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Columbus, OH, United States

Eckardt T.,Ohio State University | Hanhold B.,Ohio State University | Petrasek D.,Ohio State University | Sattler S.,Ohio State University | And 2 more authors.
Welding Journal

The results of wetting, shear strength, and metallurgical testing for aluminum and silver-based filler metals for brazing titanium are reported. Five different aluminum-based filler metals were evaluated to find out which exhibits the best properties in brazing titanium. These five filler metals were tested on both Grade 2 and Grade 5 titanium stock. Brazing was performed in a vacuum furnace and in air by heating with a propane torch. The flux used during brazing in air was the fluoride-chloride flux RL3A16A. After analyzing wetting, shear strength, and microstructure results, TiBrazeAl-635 and TiBrazeAl-700 were determined to yield the best results. The composite TiBrazeAl-700 filler metal exhibited good shear strength values when brazed with the controlled heating and cooling rate of a vacuum furnace. TiBrazeAl-635 also yielded the highest shear strength of all alloys tested when brazed in the vacuum furnace. Source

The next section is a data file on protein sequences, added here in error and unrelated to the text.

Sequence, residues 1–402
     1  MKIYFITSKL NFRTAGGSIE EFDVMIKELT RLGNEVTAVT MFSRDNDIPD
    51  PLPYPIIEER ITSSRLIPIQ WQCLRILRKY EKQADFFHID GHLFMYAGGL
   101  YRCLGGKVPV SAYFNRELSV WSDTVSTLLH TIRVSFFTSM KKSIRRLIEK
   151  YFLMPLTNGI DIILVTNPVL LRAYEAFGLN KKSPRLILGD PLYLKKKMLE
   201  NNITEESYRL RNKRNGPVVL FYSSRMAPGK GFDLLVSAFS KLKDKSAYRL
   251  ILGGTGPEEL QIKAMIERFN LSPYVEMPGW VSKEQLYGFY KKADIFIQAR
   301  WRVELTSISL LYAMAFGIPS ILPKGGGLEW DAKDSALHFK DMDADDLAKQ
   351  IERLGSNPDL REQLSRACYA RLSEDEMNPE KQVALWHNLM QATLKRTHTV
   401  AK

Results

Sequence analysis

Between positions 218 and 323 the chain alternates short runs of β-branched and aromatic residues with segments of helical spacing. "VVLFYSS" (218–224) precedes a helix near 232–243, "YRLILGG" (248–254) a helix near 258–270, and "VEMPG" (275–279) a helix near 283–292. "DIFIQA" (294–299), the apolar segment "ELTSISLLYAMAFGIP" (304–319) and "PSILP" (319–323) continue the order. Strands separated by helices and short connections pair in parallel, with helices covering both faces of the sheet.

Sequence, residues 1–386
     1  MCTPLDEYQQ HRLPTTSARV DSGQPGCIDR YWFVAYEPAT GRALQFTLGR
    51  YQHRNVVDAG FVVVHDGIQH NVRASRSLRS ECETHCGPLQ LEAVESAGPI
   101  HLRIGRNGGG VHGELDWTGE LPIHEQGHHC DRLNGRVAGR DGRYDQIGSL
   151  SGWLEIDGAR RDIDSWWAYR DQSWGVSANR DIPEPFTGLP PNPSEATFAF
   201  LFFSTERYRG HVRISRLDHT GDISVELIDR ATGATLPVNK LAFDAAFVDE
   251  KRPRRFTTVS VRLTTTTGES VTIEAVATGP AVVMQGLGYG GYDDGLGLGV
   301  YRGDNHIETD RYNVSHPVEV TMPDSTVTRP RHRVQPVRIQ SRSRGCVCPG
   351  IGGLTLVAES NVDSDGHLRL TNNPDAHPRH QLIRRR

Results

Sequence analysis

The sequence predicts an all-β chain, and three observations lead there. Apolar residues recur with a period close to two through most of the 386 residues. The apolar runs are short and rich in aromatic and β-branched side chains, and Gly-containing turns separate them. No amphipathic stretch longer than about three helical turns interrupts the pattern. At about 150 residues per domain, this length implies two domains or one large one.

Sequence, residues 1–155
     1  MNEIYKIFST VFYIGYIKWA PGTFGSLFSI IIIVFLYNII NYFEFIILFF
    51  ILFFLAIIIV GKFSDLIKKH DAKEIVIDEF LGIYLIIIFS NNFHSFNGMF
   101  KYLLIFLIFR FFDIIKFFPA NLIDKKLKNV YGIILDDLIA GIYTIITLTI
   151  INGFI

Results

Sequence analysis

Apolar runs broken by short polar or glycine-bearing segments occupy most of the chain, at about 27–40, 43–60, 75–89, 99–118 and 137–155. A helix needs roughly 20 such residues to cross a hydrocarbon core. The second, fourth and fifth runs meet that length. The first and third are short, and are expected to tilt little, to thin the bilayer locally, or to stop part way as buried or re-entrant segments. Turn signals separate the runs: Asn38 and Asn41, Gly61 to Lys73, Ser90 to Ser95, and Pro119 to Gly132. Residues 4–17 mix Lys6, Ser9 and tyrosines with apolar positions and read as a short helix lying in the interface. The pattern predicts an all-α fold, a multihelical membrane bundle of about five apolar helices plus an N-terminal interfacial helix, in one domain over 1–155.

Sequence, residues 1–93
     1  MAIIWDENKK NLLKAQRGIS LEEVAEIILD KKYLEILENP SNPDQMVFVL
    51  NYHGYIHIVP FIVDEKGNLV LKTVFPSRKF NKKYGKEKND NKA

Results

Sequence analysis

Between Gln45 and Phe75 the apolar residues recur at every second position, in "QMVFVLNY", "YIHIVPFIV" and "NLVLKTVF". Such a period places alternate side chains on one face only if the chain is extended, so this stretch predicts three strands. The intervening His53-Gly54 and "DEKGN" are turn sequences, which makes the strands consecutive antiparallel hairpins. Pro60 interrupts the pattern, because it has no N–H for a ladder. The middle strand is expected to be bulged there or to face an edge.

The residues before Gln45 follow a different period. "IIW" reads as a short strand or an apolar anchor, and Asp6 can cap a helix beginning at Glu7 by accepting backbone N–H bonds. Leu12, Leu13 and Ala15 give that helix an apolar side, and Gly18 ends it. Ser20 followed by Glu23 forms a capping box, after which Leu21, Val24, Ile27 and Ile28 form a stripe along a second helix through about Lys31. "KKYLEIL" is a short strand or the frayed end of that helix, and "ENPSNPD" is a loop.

Shapiro A.E.,Titanium Brazing Inc. | Fischer G.,Ion Vacuum Technologies Corporation | Markovich M.,Ion Vacuum Technologies Corporation
IBSC 2012 - Proceedings of the 5th International Brazing and Soldering Conference

A new method was developed and successfully implemented for vacuum brazing CP titanium, Ti-6Al-4V alloy and sintered chromium using transition metal ion bombardment in arc plasma, with application of silver-based BAg-7, titanium-based TiBraze375, and aluminum-based BAlSi-4 filler metals. The method is characterized by simple surface preparation and process control, for brazing both small and relatively massive parts. The brazing parameters can be easily optimized to the mass and shape of parts to be joined. There is rapid cooling upon completion of the brazing due to processing in a cold chamber, resulting in the formation of uniform, fine-grained microstructure in the joint metal. There is only insignificant formation of brittle intermetallics at the interface with titanium, and absence of intermetallics at the interface with chromium. The new method is applicable to manufacturing of parts for electronic devices, compressor blades, PVD cathodes, and structures in a broad range of industrial applications. Copyright 2012 ASM International® All rights reserved. Source

Shapiro A.E.,Titanium Brazing Inc. | Flom Y.A.,NASA
IBSC 2012 - Proceedings of the 5th International Brazing and Soldering Conference